A favourite destination for the charter boats leaving Mullaghmore harbour is Inishmurray Island situated in the Atlantic Ocean to the southwest of Mullaghmore Head. The island which is 1 mile long and 0.5 mile wide ceased to be inhabited in 1950 but is interesting for its antiquities enclosed by a great wall. There was originally a pagan stone fort here converted into a monastery by St. Molaise in the early 6C and the island is well worth a visit weather permitting to see the remarkably well preserved 6C monastic buildings. There are natural quays and mooring rings where the local charter boats go alongside, and these also provide for good dinghy landings.
The first owner to set foot on the conquered lands of north Sligo was Henry John Temple the 3rd Viscount Palmerston who arrived in 1808. He is best known as Lord Palmerston who served two terms as Prime Minister of England. It was he who commissioned the building of Classiebawn Castle on a hill overlooking Mullaghmore, a fairytale styled building with magnificent views of the surrounding villages, seas, lakes and mountains. Palmerston died in 1865 leaving completion of Classiebawn to his successor the First Lord Mount Temple, and on completion of the building in 1874 succession then passed to the Ashleys. Palmerston's greatest achievement and contribution to the area was the development of the beautiful stone harbour in Mullaghmore which still remains intact. After commencing in 1822 it was completed in 1841 and Palmerston had big plans for it as an exporting harbour but these plans never came to fruition, and although now used mostly for pleasure craft it served the fishing community very well in past times.
In 1922 Edwina Ashley, daughter of Col. Wilfrid Ashley, married Lord Louis Mountbatten great grandson of Queen Victoria. In August 1979 this first Earl Mountbatten of Burma, last Viceroy of India and supreme Allied Commander in SE Asia during world war two, was assassinated when his boat was blown up off the coast of Mullaghmore by the IRA. The castle and its surrounding lands are now owned by a retired businessman, and he is the first Irish owner of Classiebawn Castle and the estate since the lands were confiscated from the O'Conor Sligo in the 17th century.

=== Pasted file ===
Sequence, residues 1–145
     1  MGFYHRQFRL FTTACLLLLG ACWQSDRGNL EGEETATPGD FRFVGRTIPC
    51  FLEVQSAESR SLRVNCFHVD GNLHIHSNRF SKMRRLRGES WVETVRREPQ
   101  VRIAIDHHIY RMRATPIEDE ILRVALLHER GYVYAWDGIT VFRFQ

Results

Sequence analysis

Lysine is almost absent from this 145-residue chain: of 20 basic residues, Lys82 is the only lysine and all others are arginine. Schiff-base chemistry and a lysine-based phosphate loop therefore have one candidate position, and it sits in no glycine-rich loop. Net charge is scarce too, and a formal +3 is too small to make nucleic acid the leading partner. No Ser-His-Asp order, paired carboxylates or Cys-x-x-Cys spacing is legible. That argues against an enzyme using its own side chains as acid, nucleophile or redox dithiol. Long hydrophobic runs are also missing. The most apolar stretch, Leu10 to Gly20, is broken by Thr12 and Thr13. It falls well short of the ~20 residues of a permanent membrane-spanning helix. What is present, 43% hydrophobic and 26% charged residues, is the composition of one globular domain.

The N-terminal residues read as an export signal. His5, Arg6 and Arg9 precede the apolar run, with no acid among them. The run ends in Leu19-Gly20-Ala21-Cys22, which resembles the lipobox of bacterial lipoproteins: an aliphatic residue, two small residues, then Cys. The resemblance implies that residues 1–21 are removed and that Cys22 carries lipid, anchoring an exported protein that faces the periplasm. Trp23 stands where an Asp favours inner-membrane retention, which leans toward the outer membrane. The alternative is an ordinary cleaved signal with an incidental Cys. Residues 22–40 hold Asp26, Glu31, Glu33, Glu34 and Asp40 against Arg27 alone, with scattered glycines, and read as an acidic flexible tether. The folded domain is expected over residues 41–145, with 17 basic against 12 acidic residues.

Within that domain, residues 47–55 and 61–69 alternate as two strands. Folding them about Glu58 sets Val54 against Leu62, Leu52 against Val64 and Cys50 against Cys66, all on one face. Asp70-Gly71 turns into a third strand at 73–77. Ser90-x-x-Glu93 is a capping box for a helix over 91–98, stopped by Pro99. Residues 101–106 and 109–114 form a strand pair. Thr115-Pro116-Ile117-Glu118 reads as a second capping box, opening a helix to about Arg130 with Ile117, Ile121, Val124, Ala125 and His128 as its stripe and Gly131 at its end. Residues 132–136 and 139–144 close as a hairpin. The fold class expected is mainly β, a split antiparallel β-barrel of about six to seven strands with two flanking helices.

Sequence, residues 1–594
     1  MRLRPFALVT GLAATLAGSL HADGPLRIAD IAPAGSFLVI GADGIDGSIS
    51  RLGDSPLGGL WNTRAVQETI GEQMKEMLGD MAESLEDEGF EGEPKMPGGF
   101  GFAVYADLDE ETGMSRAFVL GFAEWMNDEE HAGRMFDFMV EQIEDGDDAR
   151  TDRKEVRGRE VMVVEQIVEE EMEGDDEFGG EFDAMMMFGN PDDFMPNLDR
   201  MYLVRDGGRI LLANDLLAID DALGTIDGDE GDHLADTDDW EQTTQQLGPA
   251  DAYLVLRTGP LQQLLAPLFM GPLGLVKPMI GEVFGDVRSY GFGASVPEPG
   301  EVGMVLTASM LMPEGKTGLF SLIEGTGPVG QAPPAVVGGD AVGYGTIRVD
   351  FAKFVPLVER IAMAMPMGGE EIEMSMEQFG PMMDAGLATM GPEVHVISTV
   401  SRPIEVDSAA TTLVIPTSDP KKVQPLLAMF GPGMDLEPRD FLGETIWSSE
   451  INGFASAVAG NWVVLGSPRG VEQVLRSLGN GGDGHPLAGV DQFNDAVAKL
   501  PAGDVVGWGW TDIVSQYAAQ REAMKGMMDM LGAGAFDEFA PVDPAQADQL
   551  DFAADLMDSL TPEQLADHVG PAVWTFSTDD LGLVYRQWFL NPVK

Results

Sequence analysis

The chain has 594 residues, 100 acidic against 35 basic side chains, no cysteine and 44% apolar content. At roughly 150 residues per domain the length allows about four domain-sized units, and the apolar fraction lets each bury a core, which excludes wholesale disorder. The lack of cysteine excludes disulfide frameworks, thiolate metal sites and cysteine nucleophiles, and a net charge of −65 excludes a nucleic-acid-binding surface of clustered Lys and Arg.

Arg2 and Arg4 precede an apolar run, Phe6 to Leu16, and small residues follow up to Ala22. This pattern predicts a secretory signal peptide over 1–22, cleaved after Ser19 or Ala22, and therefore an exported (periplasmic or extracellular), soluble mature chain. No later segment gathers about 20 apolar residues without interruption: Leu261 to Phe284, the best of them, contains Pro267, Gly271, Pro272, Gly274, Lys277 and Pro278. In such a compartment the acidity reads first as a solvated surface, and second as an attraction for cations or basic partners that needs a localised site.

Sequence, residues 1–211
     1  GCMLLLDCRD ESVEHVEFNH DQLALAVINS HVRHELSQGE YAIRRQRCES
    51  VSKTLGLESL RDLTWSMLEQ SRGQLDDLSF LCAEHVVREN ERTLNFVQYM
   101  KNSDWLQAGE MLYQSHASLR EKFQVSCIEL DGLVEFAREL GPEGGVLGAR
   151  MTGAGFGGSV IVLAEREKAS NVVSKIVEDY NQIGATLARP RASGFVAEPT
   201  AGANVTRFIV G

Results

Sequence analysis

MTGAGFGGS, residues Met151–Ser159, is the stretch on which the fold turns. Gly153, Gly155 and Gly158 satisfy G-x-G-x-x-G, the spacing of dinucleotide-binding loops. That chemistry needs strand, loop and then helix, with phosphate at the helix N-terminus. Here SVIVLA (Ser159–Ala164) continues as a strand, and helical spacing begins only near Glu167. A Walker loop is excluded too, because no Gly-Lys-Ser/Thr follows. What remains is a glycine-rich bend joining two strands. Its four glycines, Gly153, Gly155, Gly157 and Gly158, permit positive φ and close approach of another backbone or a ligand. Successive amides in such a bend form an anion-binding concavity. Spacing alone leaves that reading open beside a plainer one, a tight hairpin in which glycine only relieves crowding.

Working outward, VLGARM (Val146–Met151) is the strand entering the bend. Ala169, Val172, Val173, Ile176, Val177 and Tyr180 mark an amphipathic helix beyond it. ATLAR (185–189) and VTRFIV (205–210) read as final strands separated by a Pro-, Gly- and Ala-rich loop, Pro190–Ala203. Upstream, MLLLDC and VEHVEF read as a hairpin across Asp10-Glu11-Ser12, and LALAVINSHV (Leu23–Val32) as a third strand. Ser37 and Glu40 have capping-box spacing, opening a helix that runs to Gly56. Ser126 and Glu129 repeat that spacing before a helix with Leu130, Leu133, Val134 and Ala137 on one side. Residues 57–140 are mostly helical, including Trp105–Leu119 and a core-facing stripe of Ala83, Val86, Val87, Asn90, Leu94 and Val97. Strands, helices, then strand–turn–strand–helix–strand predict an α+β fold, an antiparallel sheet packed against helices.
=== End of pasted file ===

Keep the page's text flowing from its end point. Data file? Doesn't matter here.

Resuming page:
For the visiting yachtsman Mullaghmore is a safe harbour to drop into and it is recognised as the best anchorage during passage between Sligo and Donegal bays. Facilities in the village are limited but there is a shop for provisions, fresh water available, and diesel by can is obtained from the local boatyard/shipright. For those in need of liquid refreshment and a good meal, the village has pubs and restaurants together with a smart hotel.
With thanks to:inyourfootsteps site research
The following video presents fabulous aerial footage of Mullaghmore and the surrounding area.
The following video presents a view from a fishing boat as it leaves the harbour.
The following video presents various panoramic views of Mullaghmore head.
Add your review or comment:
Guy Adams wrote this review on Jun 28th 2016:
There is a water tap on the South Quay but you will need your own hosepipeAverage Rating: Unrated